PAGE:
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Special Issue "Radar Interferometry for Geohazards"

A special issue of Remote Sensing (ISSN 2072-4292). This special issue belongs to the section "Remote Sensing in Geology, Geomorphology and Hydrology".

Deadline for manuscript submissions: 30 June 2018

Special Issue Editors

Guest Editor
Prof. Zhong Lu

Huffington Department of Earth Sciences, Southern Methodist University, PO Box 750395, Dallas, TX 75275, USA
Website | E-Mail
Phone: 214-768-0101
Interests: technique developments of interferometric synthetic aperture radar (InSAR) and multi-temporal InSAR processing, and their applications to natural hazard monitoring and natural resource management
Guest Editor
Prof. Dr. Zhenhong Li

School of Engineering, Newcastle University, Newcastle upon Tyne, NE1 7RU, UK
Website | E-Mail
Phone: +44 (0) 191 208 5704
Interests: InSAR atmospheric correction models, advanced InSAR time series techniques, high-rate GNSS, landslides (slope instability), stability monitoring of man-made infrastructure
Guest Editor
Dr. Roberto Tomas

Department of Civil Engineering, University of Alicante, P.O. Box 99, E-03080 Alicante, Spain
Website | E-Mail
Interests: land subsidence; landslides; InSAR; LiDAR; building monitoring

Special Issue Information

Dear Colleagues

Interferometric Synthetic Aperture Radar (InSAR) has been proven to be a powerful remote sensing tool to map changes in the Earth’s surface. InSAR has led to many new insights into geophysical and geological processes of geohazards, including earthquakes, volcanoes, landslides, land subsidence and sinkholes, among others. The launch of new radar satellites and the advent of cloud/parallel computing have been leading us to a new era of operational InSAR, but it is believed that there is still room to further advance InSAR processing algorithms and applications.

This Special Issue will focus on (i) innovative InSAR algorithms and processing methods, and (ii) characterizing and modeling geohazards from InSAR and other geophysical and geological measurements. Submissions are encouraged to cover a broad range of topics, which may include, but are not limited to, the following activities. Papers address anthropogenic hazards using innovative processing and modeling techniques are also welcome.

  • InSAR algorithm development, automation, implementation, and validation
  • Crustal deformation and earthquake cycle
  • Landslides
  • Volcanic processes
  • Land subsidence
  • Sinkholes
  • Mining activities
  • Groundwater related subsidence
  • Fracking and induced seismicity
 

Prof. Dr. Zhong Lu
Prof. Dr. Zhenhong Li
Dr. Roberto Tomás
Guest Editors

Manuscript Submission Information

Manuscripts should be submitted online at www.mdpi.com by registering and logging in to this website. Once you are registered, click here to go to the submission form. Manuscripts can be submitted until the deadline. All papers will be peer-reviewed. Accepted papers will be published continuously in the journal (as soon as accepted) and will be listed together on the special issue website. Research articles, review articles as well as short communications are invited. For planned papers, a title and short abstract (about 100 words) can be sent to the Editorial Office for announcement on this website.

Submitted manuscripts should not have been published previously, nor be under consideration for publication elsewhere (except conference proceedings papers). All manuscripts are thoroughly refereed through a single-blind peer-review process. A guide for authors and other relevant information for submission of manuscripts is available on the Instructions for Authors page. Remote Sensing is an international peer-reviewed open access monthly journal published by MDPI.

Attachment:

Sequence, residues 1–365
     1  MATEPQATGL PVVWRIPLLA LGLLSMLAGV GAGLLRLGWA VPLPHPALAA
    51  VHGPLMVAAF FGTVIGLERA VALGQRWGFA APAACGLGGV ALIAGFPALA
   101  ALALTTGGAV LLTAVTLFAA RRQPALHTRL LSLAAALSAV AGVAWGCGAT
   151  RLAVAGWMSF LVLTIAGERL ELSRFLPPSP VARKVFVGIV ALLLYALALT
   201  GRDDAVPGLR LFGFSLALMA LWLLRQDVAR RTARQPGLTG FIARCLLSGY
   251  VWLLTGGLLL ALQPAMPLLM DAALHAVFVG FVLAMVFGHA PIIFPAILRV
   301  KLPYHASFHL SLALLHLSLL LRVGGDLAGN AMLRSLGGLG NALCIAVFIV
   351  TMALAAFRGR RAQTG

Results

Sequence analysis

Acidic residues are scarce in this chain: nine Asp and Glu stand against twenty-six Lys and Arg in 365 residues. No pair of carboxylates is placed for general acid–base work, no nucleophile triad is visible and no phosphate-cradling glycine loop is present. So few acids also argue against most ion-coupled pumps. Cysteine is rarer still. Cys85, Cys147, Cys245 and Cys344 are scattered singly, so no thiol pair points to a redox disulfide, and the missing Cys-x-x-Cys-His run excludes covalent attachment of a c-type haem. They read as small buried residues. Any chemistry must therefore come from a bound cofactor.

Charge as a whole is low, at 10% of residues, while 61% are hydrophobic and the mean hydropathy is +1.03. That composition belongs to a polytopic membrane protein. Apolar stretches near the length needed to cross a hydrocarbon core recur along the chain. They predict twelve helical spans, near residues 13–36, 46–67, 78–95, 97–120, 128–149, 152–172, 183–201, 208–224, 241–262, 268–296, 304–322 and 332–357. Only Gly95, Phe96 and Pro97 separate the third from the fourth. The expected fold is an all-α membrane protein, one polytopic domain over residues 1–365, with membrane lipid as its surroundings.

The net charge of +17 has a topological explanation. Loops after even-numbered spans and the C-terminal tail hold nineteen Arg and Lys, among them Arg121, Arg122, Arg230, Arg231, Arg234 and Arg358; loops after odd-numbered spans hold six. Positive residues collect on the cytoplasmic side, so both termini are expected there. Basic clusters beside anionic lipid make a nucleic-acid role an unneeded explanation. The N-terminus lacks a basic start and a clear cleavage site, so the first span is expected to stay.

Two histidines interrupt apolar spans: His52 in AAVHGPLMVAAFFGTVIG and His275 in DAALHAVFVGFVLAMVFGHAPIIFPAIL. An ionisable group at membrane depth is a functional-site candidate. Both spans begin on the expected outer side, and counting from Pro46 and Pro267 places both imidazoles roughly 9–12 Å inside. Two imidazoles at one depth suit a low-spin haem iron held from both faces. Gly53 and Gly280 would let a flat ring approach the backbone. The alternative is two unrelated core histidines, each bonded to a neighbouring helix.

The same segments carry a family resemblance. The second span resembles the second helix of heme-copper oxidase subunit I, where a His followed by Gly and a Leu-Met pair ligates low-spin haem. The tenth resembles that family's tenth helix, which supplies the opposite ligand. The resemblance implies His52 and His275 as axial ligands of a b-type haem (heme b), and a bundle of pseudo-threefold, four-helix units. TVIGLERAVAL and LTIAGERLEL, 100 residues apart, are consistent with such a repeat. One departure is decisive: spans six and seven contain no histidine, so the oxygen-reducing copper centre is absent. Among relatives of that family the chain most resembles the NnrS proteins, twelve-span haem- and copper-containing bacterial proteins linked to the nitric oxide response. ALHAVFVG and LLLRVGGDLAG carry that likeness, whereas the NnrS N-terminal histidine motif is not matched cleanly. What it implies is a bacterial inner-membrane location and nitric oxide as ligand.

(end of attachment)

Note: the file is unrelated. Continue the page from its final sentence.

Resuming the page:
Please visit the Instructions for Authors page before submitting a manuscript. The Article Processing Charge (APC) for publication in this open access journal is 1600 CHF (Swiss Francs). Submitted papers should be well formatted and use good English. Authors may use MDPI's English editing service prior to publication or during author revisions.

Keywords

  • SAR processing
  • Interferometric synthetic aperture radar (InSAR) 
  • Time series analysis
  • Earthquake
  • Landslide
  • Land subsidence
  • Sinkhole
  • Volcano
  • Fracking
  • Geohazards 
  • Man-made hazards

Published Papers (8 papers)

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Research

Open AccessArticle Evaluation of the SBAS InSAR Service of the European Space Agency’s Geohazard Exploitation Platform (GEP)
Remote Sens. 2017, 9(12), 1291; doi:10.3390/rs9121291
Received: 27 September 2017 / Revised: 28 November 2017 / Accepted: 7 December 2017 / Published: 11 December 2017
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Abstract
The analysis of remote sensing data to assess geohazards is being improved by web-based platforms and collaborative projects, such as the Geohazard Exploitation Platform (GEP) of the European Space Agency (ESA). This paper presents the evaluation of a surface velocity map that is
[...] Read more.
The analysis of remote sensing data to assess geohazards is being improved by web-based platforms and collaborative projects, such as the Geohazard Exploitation Platform (GEP) of the European Space Agency (ESA). This paper presents the evaluation of a surface velocity map that is generated by this platform. The map was produced through an unsupervised Multi-temporal InSAR (MTI) analysis applying the Parallel-SBAS (P-SBAS) algorithm to 25 ENVISAT satellite images from the South of Spain that were acquired between 2003 and 2008. This analysis was carried out using a service implemented in the GEP called “SBAS InSAR”. Thanks to the map that was generated by the SBAS InSAR service, we identified processes not documented so far; provided new monitoring data in places affected by known ground instabilities; defined the area affected by these instabilities; and, studied a case where GEP could have been able to help in the forecast of a slope movement reactivation. This amply demonstrates the reliability and usefulness of the GEP, and shows how web-based platforms may enhance the capacity to identify, monitor, and assess hazards that are associated to geological processes. Full article